Some people can skip nail appointments with no worries. When I let nature take over my nails, something I refer to as the claw effect happens. I don't have naturally pretty nails! Mine easily become brittle, jagged, and oddly shaped if I don't give them attention. That was great news for my manicurist. While I'm pretty sure my sorry nails helped to put her kids through college at Ivy League schools, I recently discovered the convenience of doing my nails at home with a dip nail kit. I love the freedom of not having to book appointments. I also love not having to feel guilty about how much I'm spending at the nail salon.
I actually tried several different nail kits on my way to cutting the cord on my cuticle dependency. The two brands that people recommended to me time after time were Dipwell and Nailboo dip kit. After living with my nails for a while after trying both kits, I feel confident enough to share a quick review of my experiences in the land of DIY dip nail kits. I hope the information I'm sharing will help you to finally start getting nails you love from the comfort of home. I promise that these dips won't make you dip into your savings just to enjoy that polished, put-together feeling of having incredible nails!
What Is Nail Dip, and Are They Effective?
I should probably start by covering exactly what a nail dip does. While I had heard people mention DIY nail kits in passing, I always pictured the press-on nails that were popular when I was a kid. I wish I had paid attention sooner!
While nail dips are popularly used for DIY nails, dips are actually also used by professional nail salons. Anyone who has been addicted to getting their nails done knows the highs, lows, and heartbreak of getting regular gel polishes applied. Gel polishes can be unpredictable. They are prone to chipping and peeling. Dip nails have lasting power that removes the anxiety of worrying about your nails. That's why salons charge a fortune for them!
A dip manicure combines pigmented powder with bases and sealers to create a durable, long-lasting effect that looks amazing. While your nails feel every bit as flexible and lightweight as gel nails, they have the ruggedness and durability of acrylics.
When using the dip technique, a primed nail is dipped into a colored powder. You can also simply brush the powder on. Next, the color coat is applied. A clear sealant is then placed over the finished product to provide long-lasting, chip-free nails that glisten with beauty for up to a month. The simplest analogy I can make with dip nails is that doing a dip manicure is like doing your makeup using a primer, foundation, and setting spray instead of just applying your foundation. A traditional gel nail manicure is more like just putting on foundation.
Next, I'll show you the twists that Dipwell and Nailboo put on the process. I'll also reveal which product I think is the keeper. In fact, I'm looking down at rosy pink nails typing at my keyboard that were dipped to perfection using one of the two!
Head to Head: Nailboo Vs. Dipwell
Long lasting dip nails (up to 6 weeks without chipping)
Chip free up to 2 weeks
Custom powder, high quality and durable
General powders, still great quality
4.8/5 star rating, 550K+ customers
4.4/5 star rating, 214 customer reviews
$68, Free Shipping & BonusItems
$54.97, Free Shipping
Overview of Dipwell
Dipwell does a great job of offering kits featuring highly pigmented powders with some "wow" factor. The starter kit that I tried featured a mauve pink and glittery nude that both looked great. While the kit can feel a little bit intimidating at first, this company does a good job of explaining what all of the different coatings and tools do.
Dipwell uses a 5:3:3 system that includes five liquids, three powders, and three accessories. Let's start with the liquids because these are the most important kit "ingredients" for determining how your nails turn out. Here's a rundown of the five liquids included in a Dipwell kit:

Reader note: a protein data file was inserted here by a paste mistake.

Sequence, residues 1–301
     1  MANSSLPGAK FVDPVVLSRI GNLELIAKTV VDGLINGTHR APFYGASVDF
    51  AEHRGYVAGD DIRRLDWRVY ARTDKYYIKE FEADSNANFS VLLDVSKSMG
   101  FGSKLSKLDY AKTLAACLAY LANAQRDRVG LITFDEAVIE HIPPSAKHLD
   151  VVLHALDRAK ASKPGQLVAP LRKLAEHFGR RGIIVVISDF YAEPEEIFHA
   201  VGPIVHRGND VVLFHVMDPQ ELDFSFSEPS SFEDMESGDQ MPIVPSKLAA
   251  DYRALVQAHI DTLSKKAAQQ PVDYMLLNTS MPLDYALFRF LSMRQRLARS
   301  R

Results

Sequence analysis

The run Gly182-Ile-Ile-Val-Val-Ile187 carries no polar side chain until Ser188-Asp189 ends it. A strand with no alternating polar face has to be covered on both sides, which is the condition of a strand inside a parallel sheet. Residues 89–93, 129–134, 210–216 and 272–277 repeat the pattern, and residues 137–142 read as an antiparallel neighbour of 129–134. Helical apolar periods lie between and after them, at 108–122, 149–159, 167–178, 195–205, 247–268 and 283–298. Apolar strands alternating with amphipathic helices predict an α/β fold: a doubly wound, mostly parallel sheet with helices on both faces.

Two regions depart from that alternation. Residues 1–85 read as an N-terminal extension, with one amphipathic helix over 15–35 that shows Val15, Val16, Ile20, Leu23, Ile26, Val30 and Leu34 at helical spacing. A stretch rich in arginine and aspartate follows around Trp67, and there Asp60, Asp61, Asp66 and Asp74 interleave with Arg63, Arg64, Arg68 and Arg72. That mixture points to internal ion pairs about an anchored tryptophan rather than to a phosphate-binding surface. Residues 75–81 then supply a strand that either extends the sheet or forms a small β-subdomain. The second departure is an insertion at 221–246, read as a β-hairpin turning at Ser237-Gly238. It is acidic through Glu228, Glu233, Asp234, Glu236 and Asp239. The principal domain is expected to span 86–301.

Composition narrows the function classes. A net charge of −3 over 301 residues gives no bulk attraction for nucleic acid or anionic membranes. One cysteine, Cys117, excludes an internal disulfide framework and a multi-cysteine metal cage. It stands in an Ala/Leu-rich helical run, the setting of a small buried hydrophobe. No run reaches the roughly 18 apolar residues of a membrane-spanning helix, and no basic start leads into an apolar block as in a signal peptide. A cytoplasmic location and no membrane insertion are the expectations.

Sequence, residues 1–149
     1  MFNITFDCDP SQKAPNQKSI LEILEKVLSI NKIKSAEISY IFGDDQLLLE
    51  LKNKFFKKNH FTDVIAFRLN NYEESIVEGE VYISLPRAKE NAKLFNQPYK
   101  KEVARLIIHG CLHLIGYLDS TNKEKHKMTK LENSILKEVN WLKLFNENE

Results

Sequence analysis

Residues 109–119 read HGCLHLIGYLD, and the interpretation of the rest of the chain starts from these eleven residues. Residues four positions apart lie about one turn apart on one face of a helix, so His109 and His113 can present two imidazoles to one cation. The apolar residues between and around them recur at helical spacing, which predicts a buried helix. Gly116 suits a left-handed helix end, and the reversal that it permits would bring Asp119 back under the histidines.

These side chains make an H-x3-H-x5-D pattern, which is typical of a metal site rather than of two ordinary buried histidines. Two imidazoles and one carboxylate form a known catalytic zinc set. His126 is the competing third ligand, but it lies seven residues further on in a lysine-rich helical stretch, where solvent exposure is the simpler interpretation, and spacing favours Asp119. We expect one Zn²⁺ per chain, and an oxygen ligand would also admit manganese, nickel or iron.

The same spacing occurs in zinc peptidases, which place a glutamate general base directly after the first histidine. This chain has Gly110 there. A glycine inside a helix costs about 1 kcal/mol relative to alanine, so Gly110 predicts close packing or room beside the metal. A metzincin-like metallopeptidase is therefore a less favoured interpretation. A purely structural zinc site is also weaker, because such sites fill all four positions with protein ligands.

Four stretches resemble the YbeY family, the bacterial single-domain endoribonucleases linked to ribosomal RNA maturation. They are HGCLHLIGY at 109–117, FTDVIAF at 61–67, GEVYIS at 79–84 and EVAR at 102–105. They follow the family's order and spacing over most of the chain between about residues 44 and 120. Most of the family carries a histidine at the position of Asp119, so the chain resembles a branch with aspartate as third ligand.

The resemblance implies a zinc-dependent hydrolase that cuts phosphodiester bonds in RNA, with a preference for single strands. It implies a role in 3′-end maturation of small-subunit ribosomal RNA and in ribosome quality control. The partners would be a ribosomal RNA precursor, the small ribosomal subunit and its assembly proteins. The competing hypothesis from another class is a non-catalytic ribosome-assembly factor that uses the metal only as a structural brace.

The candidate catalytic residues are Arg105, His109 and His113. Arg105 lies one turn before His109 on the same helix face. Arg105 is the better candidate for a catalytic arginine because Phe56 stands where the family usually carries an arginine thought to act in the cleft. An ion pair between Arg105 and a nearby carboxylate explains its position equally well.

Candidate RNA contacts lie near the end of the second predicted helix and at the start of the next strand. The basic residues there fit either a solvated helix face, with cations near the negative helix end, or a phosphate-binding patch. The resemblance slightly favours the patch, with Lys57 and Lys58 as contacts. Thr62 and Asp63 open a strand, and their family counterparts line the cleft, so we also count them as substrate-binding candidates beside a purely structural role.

Bond: The bonding liquid prevents lifting to make your manicure last longer. In addition, the bond will remove surface oils from your nails to create a clean, dry, and sanitary base for your manicure.
Base: Dipwell's self-leveling base helps to prepare nails for powder application. It's also important for helping the nail dip powder to adhere to the nail properly. Finally, applying the base correctly ensures that you can avoid blemishes and bumps that will cause you to spend time buffing after application.
Activator: This is where the magic happens. The activator liquid used with nail dips is the reason why you can air dry your nails instead of using a UV/LED lamp for curing. Dipwell's activator chemically bonds to the base and dipping powder for seamless curing.
Sealer: Finally, the sealer liquid secures all of the completed layers of the manicure. Delivering a glass-like shine, the sealer preserves your manicure against UV rays that threaten to fade it.
While not part of the liquid group, the dipping powders included with a Dipwell kit are every bit as important. The kit lets you choose between clear, a "glowy" sugar-cookie color, and a mauve-taupe with pretty pink hints. All of the liquids and powers have low-odor formulas that don't make your living room smell like a nail salon. Rounding out the kit are the grit nail file, fine grit buffer, and wooden cuticle pusher. I am realizing after typing all of this out that this kit is a bit complicated. Don't worry if you feel overwhelmed! The next kit I'm going to cover is a bit more streamlined.
What I Like
Overall, I like that this is a very complete kit. The instructions were also very easy to follow. I like that the colors included in the kit are vibrant even though they are very non-flashy colors that can be worn every day. Dipwell also lived up to its promise of an easy-soak removal that brings you back to bare nails in just 15 minutes.
What I Don't Like
While I liked the results of my Dipwell manicure, I found that my nails didn't last as long as I expected. Dipwell claims that a manicure can last for two to six weeks. In my opinion, getting a full three weeks out of one of these manicures without a little chipping and peeling is pushing it.
Cost and Where to Buy
The Dipwell Dip Nail Starter Kit can be purchased directly from the Dipwell website. The full price is $65.99. However, Dipwell is known to toss around deals that bring that price closer to $55.
Overview of Nailboo
Nailboo was actually the first brand I ever heard mentioned as a pro nail kit you could use at home. It turns out this is the top-selling dip kit. Lured in by the promise of getting a real salon-quality manicure at home, I ordered a Nailboo Dip Powder Kit to check out the hype with my fingers crossed!